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    I had a dream a couple of weeks ago that President Trump invited me to come to the White House to be with him for a day. He knew I was a liberal, but he wanted me to follow him around and take notes at all his meetings.

    So, being in a dream, of course I did. As we walked down the hall of the West Wing, we passed a foreign “king.” Mr. Trump asked me if I had a piece of paper. All I had was a cocktail napkin, which of course I gave to him. He wrote “irrigation” on it and handed it to the King.

    (Yes, that was irrigation, not immigration . . . perhaps I was thirsty?)

    Ward Sutton for The Boston Globe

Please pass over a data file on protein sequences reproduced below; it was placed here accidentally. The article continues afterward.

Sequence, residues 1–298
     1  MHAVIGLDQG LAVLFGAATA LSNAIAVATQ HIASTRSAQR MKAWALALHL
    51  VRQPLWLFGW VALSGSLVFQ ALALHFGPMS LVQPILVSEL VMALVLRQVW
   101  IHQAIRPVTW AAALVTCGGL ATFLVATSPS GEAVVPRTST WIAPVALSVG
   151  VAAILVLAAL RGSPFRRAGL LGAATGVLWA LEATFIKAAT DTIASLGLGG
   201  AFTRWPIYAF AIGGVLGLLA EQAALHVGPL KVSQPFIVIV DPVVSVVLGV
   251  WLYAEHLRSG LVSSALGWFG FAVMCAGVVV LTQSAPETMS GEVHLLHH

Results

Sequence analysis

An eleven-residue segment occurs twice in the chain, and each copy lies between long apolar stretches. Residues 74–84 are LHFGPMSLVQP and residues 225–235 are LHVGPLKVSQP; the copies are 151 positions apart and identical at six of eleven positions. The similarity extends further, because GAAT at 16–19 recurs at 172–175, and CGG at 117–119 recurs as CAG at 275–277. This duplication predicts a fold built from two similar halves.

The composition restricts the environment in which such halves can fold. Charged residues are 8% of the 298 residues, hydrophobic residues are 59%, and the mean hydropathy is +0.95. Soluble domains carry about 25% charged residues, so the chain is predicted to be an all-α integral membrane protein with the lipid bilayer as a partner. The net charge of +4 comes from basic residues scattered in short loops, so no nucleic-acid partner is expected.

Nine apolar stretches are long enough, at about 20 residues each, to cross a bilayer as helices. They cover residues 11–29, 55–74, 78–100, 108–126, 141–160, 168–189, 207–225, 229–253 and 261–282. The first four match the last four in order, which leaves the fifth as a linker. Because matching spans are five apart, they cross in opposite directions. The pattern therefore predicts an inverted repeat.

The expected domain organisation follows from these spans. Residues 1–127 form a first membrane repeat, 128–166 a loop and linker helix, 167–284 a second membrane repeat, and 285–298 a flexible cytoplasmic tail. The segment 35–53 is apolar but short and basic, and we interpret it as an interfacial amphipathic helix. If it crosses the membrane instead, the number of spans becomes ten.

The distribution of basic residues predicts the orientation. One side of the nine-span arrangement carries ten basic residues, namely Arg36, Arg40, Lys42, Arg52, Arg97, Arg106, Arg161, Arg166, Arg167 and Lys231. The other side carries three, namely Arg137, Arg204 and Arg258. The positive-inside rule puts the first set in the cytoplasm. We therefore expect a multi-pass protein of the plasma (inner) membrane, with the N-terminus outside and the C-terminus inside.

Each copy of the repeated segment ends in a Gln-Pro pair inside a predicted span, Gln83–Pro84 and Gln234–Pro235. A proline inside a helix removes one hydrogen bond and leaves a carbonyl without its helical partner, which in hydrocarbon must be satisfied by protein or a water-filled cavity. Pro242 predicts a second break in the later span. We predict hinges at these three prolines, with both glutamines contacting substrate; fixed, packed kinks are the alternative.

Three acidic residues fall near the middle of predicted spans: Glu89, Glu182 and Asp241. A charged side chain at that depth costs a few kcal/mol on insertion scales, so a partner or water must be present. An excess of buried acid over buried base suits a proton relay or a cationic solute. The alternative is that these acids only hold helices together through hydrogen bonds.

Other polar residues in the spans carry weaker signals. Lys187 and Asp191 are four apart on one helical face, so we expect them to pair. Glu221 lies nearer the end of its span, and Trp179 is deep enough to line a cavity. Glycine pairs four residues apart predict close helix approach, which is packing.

Deborah Rossetti Sullivan of New Hampshire sees a Trumpsicle

    I was at some location with familiar and unfamiliar faces and everyone seemed to be worried and moving in all directions, not in a panic, but concerned. Among the crowd there he was, walking around. No one paying any attention to him. I could not help but take a second look at what he was wearing. And I have no idea where this came from, but he had on an orange suit with short pants, and matching socks and what looked like Keds sneakers. I was beginning to wake up, and I remembered thinking to myself — Dreamsicle color.

    Ward Sutton for The Boston Globe

    Ann Guyer, Manchester-by-the-Sea, sees her ex

    Oddly, Trump shows up as a surrogate for my narcissistic bipolar ex-husband. He invited me to join him in the mansion on top of the hill that I was forced to sell in our divorce. It was the new White House. I didn’t trust him and didn’t go but he kept trying. And lying.

    Alex Beam’s column appears regularly in the Globe. Follow him on Twitter @imalexbeamyrnot.